How to Make a Rank Order List for the Residency Match
Updated: 7 days ago
After the intense preparation and stress of residency interviews, you're finally able to make your decisions on how to rank the residency programs at which you interviewed.
Welcome to the rank order list.
In this post, we're going to discuss the rank order list:
What is an NRMP rank order list?
How do I create my rank list?
How do I certify the rank order list?
What are important mistakes to avoid when creating and submitting a rank list?
Creating your NRMP rank order list:
important tips and advice
The last step in the residency application process is the creation and certification of your rank order list (also known as the rank list or ROL). On the official rank list, you list the programs, in order of preference, which you would be willing to attend.
Programs also submit their own rank lists, in the order in which they would extend offers.
The residency match takes into account your rank list and the residency programs' rank lists
Sometime in February or March, the Match takes place. A computer matches each applicant to the highest ranked program on the applicant’s list which has offered them a position. The results are then announced throughout the country in mid-March on “Match Day.”
For many, Match Day is the happy culmination of a very long, hard application process. Unfortunately, other applicants experience bitter disappointment.
There are a whole host of reasons as to why match results may not be favorable. However, we’ve seen some students who do everything right, only to make critical errors when it comes time to create and submit their rank list. Errors at this final step in the process can undo all of your previous efforts.
Always rank according to your own criteria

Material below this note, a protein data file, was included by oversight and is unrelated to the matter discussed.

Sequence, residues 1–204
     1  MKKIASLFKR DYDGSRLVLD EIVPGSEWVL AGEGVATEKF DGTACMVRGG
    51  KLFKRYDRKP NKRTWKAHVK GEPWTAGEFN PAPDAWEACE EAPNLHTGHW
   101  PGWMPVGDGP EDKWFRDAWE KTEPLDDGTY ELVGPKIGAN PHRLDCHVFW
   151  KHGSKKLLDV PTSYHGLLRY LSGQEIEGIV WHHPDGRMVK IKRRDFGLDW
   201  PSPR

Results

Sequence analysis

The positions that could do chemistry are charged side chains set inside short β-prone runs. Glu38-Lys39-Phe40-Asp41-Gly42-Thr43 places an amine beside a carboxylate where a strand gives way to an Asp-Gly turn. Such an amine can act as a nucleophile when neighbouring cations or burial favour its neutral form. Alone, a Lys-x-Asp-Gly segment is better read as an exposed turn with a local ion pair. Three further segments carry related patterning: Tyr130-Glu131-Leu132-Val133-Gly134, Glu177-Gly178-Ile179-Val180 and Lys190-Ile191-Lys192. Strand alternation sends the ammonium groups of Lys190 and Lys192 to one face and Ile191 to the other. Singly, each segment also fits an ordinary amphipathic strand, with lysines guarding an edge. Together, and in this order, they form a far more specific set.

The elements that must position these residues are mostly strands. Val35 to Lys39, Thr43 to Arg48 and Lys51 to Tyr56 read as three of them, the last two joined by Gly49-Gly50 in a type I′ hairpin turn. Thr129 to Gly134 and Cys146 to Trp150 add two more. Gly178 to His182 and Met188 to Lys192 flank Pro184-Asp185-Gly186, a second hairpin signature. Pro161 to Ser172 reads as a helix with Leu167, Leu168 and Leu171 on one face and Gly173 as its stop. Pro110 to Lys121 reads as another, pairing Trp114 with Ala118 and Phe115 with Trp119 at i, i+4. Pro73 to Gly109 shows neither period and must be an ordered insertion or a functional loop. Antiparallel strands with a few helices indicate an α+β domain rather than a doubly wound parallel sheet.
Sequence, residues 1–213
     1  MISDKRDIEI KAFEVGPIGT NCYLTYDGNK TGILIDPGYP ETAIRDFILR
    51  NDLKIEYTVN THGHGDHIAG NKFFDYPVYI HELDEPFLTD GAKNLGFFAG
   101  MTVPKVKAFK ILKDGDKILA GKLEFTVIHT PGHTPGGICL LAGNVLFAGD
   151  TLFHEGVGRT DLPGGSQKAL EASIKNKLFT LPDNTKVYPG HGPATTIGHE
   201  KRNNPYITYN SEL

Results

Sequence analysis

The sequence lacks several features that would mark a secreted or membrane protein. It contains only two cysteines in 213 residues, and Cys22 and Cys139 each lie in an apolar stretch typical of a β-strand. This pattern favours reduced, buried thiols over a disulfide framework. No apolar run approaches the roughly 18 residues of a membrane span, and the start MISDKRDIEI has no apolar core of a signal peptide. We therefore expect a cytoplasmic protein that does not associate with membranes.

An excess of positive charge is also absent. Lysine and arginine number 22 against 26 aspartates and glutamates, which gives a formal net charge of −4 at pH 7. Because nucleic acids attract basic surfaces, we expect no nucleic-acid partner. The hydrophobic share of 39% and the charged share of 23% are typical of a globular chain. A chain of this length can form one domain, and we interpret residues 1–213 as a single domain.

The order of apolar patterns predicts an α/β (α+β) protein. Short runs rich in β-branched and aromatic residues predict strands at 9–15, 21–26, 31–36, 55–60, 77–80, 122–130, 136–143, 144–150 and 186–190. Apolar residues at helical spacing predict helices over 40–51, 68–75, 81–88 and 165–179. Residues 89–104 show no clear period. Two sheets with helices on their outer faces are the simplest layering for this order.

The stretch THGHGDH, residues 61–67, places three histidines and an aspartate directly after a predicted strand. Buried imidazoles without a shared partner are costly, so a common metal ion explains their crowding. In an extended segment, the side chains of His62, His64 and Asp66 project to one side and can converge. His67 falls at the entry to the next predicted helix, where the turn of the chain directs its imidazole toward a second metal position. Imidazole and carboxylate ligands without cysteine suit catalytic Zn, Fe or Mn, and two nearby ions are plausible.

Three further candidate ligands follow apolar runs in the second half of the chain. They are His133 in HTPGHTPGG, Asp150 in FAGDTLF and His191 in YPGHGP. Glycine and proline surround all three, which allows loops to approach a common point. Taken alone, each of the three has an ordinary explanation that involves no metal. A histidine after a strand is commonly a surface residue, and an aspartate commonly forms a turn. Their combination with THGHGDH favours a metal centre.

After the interview season ends, the process of finalizing your rank list begins in earnest.
The National Resident Matching Program NRMP rank list is a list of the residency programs at which you interviewed and at which you would be willing to train, placed in your order of preference. This involves sorting through a great deal of data.
Some students are tempted to rank based on reputation alone. “I’d like to attend the most prestigious program I can get into.”
Unfortunately, ranking programs is rarely that simple. You’ll be spending a minimum of three years of your life at this program, and you need to take into account a whole host of other factors.
A useful checklist for evaluating residency programs can be found in Strolling Through the Match, a publication produced by the American Academy of Family Physicians. It’s accessible free to applicants at www.aafp.org.
Consider also the following questions:
Will the residency program provide me with strong clinical training?
Will that training be broad-based, with exposure to all facets of the field?
Will it provide some subspecialty training in my areas of interest?
Will it provide training in additional areas important to me, such as
How did I feel when I visited the program?
Would I be able to work with the people there?
Could I live and work in this city for the next several years?
What are the strengths and weaknesses of the program relative to others?
Does the program offer an environment that will allow me to reach my full potential?
Should I rank programs based on where I think I might be accepted, or where I really want to go?